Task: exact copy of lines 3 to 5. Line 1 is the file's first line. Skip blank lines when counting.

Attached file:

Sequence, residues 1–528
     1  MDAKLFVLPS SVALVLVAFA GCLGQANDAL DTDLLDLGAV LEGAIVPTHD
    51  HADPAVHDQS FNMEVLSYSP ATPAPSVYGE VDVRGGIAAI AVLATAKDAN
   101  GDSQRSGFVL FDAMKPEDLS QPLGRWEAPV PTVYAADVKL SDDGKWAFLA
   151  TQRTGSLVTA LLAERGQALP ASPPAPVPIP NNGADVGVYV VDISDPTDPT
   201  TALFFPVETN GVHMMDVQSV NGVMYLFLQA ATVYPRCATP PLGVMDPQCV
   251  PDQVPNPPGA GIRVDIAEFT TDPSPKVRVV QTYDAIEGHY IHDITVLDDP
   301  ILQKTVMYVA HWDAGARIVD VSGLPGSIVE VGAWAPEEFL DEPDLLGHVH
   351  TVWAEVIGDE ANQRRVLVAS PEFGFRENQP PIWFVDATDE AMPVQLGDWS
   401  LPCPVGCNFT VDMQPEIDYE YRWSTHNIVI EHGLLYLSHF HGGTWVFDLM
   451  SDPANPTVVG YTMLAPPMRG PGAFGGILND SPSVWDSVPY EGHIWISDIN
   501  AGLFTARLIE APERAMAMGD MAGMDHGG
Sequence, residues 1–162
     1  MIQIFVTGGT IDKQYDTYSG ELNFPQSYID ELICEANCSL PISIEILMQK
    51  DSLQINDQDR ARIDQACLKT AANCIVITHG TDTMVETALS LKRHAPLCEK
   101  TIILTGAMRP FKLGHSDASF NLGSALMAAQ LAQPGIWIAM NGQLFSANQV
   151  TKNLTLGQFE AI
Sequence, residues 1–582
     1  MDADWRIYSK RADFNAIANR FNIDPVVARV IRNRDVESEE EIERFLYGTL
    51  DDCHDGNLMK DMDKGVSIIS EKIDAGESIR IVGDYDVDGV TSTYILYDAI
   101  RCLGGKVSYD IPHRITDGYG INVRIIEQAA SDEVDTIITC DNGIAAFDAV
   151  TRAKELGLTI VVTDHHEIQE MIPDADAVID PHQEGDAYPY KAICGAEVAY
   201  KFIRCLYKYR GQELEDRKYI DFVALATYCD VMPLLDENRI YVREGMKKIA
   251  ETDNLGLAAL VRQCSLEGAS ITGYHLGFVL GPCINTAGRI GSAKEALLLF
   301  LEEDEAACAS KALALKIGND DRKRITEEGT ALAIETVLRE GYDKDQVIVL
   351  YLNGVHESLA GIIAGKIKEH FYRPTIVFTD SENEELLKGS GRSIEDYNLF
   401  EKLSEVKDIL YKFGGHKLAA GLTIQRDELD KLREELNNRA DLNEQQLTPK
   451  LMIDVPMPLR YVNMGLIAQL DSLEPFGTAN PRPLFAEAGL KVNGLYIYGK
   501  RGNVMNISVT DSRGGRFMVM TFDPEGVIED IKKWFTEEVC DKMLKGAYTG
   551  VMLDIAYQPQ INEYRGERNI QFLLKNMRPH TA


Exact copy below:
    51  HADPAVHDQS FNMEVLSYSP ATPAPSVYGE VDVRGGIAAI AVLATAKDAN
   101  GDSQRSGFVL FDAMKPEDLS QPLGRWEAPV PTVYAADVKL SDDGKWAFLA
   151  TQRTGSLVTA LLAERGQALP ASPPAPVPIP NNGADVGVYV VDISDPTDPT